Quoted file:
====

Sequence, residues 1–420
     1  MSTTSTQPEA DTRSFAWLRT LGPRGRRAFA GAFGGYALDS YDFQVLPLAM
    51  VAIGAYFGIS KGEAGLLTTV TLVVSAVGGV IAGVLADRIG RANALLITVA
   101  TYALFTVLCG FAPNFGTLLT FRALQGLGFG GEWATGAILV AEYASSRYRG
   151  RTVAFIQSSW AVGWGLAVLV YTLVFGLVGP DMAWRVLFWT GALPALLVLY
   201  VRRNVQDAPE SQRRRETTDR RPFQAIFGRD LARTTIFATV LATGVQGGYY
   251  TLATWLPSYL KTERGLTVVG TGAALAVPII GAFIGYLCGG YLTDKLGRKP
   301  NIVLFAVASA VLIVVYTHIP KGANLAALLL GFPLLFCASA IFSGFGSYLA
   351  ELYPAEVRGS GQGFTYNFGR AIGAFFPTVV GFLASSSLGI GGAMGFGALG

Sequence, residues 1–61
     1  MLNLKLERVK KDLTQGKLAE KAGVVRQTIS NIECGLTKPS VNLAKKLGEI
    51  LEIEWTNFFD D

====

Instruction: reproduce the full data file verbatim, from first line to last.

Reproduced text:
Sequence, residues 1–420
     1  MSTTSTQPEA DTRSFAWLRT LGPRGRRAFA GAFGGYALDS YDFQVLPLAM
    51  VAIGAYFGIS KGEAGLLTTV TLVVSAVGGV IAGVLADRIG RANALLITVA
   101  TYALFTVLCG FAPNFGTLLT FRALQGLGFG GEWATGAILV AEYASSRYRG
   151  RTVAFIQSSW AVGWGLAVLV YTLVFGLVGP DMAWRVLFWT GALPALLVLY
   201  VRRNVQDAPE SQRRRETTDR RPFQAIFGRD LARTTIFATV LATGVQGGYY
   251  TLATWLPSYL KTERGLTVVG TGAALAVPII GAFIGYLCGG YLTDKLGRKP
   301  NIVLFAVASA VLIVVYTHIP KGANLAALLL GFPLLFCASA IFSGFGSYLA
   351  ELYPAEVRGS GQGFTYNFGR AIGAFFPTVV GFLASSSLGI GGAMGFGALG

Sequence, residues 1–61
     1  MLNLKLERVK KDLTQGKLAE KAGVVRQTIS NIECGLTKPS VNLAKKLGEI
    51  LEIEWTNFFD D